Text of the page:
Former Los Altos resident Frances Blaisdell, 97, woman flutist who broke down barriers

Ms. Blaisdell

Former Los Altos resident Frances Blaisdell Williams, one of the foremost women flutists of the 20th century, died March 11 in Portola Valley. She was 97.

Born in New Jersey in 1912, Ms. Blaisdell began playing the piccolo at age 4, coached by her father, an amateur flutist. After studying with one of the flutists in the New York Philharmonic, she became the first woman wind player admitted to the Juilliard School of Music.

During a distinguished career, she was the first woman to play a concerto with the New York Philharmonic and the first woman to play in the wind section of that orchestra.

Ms. Blaisdell appeared as soloist with the National Orchestral Association, the New Friends of Music, the BBC, NBC, CBS, at Radio City Music Hall and Madison Square Garden, and performed and recorded with soprano Lily Pons. During the Depression, she played with the Phil Spitalny All-Girls Orchestra, both on radio ("The Hour of Charm") and in vaudeville, and during World War II played in numerous Broadway shows.

In 1937, Ms. Blaisdell married Alexander Williams, assistant first clarinet with the New York Philharmonic and later principal clarinet with the NBC Symphony Orchestra under Arturo Toscanini. Together they toured with the Blaisdell Woodwind Quintet and had a regular series on NBC and CBS radio stations.

Ms. Blaisdell and her husband moved to California in 1973 to be near their children and grandchildren.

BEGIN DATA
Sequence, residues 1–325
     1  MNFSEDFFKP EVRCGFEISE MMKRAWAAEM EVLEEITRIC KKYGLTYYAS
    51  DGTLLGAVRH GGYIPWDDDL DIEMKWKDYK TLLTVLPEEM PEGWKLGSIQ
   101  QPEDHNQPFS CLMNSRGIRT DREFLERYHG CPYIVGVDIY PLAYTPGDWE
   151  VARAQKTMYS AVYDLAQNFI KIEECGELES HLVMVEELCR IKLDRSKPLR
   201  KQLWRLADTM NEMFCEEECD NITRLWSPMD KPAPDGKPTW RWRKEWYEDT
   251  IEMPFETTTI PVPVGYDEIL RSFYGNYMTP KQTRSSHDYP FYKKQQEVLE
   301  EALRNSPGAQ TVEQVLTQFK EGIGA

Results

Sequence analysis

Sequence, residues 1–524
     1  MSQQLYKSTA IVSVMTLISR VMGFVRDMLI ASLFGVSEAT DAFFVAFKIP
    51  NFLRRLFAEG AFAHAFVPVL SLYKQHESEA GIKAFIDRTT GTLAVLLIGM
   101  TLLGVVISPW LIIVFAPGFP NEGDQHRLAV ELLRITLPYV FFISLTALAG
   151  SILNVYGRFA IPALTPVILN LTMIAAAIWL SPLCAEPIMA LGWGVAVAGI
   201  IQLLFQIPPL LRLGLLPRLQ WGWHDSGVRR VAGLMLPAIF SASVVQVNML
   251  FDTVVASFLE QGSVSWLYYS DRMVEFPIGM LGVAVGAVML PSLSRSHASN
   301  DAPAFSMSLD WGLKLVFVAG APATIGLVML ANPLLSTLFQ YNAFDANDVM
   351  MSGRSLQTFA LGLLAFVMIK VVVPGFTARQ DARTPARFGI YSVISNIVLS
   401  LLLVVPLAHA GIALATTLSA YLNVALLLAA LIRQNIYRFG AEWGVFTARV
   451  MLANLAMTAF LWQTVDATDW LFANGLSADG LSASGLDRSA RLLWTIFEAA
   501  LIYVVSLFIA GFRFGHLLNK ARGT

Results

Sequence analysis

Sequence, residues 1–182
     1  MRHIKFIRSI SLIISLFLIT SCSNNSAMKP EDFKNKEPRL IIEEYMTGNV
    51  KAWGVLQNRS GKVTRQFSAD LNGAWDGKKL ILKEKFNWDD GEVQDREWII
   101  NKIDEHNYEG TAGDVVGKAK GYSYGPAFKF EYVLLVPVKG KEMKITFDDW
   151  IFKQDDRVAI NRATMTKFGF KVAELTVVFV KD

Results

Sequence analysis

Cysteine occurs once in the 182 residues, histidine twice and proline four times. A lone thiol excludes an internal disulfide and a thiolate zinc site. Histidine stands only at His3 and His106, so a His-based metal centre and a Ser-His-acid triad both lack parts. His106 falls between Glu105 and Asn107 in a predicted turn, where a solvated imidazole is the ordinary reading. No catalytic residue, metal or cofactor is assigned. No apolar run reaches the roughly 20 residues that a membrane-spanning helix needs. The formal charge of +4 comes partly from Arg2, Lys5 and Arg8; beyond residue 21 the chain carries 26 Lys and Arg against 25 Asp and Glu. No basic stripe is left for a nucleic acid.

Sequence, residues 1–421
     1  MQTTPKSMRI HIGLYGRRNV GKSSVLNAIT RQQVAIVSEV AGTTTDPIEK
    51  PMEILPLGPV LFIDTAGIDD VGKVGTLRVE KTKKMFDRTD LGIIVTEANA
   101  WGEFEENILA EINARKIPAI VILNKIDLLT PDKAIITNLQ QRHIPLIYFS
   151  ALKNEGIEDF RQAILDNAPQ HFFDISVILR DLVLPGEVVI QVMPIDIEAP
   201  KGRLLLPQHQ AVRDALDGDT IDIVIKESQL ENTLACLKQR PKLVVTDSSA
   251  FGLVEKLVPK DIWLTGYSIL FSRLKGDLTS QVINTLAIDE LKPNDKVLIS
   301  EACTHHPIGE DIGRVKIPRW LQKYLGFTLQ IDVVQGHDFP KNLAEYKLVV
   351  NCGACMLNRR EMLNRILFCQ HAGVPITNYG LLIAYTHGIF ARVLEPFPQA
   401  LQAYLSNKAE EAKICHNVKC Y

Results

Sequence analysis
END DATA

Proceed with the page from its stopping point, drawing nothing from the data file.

She became a flute instructor and taught for 35 years at Stanford University. In 1992, the National Flute Association honored her with a Lifetime Achievement Award. At the 2006 graduation, Stanford officials presented Ms. Blaisdell with the Dinkelspiel Award for Outstanding Service to Undergraduate Education.

Ms. Blaisdell and Mr. Williams were married for 66 years until his death in 2003.

A devoted wife, mother and grandmother, she is survived by her daughter Alexandra Hawley and son John Williams; grandchildren Alison Johnston, Pamela Hawley and Alexander Williams; and great-grandchildren Will, Connor and Lindsey Johnston.

A memorial service is scheduled 4 p.m. May 31 at Valley Presbyterian Church in Portola Valley. To honor her love of the flute and teaching, a scholarship fund has been established in her name to subsidize flute lessons for Stanford students.

Send contributions to the Frances Blaisdell Flute Scholarship Fund, Stanford University, Department of Music, Stanford 94305.

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